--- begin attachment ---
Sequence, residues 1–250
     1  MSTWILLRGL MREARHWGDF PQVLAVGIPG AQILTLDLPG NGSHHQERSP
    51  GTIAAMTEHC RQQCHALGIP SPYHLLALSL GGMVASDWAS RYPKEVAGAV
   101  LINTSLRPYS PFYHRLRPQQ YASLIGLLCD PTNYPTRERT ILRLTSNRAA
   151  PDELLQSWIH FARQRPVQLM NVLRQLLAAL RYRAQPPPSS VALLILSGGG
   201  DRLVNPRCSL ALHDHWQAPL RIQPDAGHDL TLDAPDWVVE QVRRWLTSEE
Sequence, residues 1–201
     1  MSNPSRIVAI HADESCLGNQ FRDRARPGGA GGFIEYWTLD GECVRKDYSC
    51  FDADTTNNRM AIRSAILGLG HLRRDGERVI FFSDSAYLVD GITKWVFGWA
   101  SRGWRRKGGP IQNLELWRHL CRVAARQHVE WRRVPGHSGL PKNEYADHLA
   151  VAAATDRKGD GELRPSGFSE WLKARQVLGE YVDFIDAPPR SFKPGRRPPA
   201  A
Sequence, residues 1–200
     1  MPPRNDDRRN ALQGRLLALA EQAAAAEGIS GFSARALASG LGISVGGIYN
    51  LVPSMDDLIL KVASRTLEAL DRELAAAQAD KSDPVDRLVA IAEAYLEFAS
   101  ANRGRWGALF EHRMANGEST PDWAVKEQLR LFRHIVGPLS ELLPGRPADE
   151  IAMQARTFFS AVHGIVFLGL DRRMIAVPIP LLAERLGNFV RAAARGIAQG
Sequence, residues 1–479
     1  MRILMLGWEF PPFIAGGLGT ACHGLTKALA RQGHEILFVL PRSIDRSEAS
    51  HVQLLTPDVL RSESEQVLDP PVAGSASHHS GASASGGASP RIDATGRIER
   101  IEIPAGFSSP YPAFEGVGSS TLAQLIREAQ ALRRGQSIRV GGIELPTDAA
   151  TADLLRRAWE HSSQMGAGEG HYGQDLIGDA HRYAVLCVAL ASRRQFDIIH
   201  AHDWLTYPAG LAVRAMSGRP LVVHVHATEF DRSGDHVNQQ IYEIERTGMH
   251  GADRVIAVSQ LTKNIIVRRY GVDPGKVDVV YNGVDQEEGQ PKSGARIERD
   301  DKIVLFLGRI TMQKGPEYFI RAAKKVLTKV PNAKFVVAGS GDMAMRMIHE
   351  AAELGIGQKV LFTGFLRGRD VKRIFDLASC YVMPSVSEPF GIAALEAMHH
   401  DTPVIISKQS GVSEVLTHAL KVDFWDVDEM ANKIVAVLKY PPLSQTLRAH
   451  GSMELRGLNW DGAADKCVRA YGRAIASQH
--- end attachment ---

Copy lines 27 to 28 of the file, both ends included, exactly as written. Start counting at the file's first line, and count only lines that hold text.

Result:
   401  DTPVIISKQS GVSEVLTHAL KVDFWDVDEM ANKIVAVLKY PPLSQTLRAH
   451  GSMELRGLNW DGAADKCVRA YGRAIASQH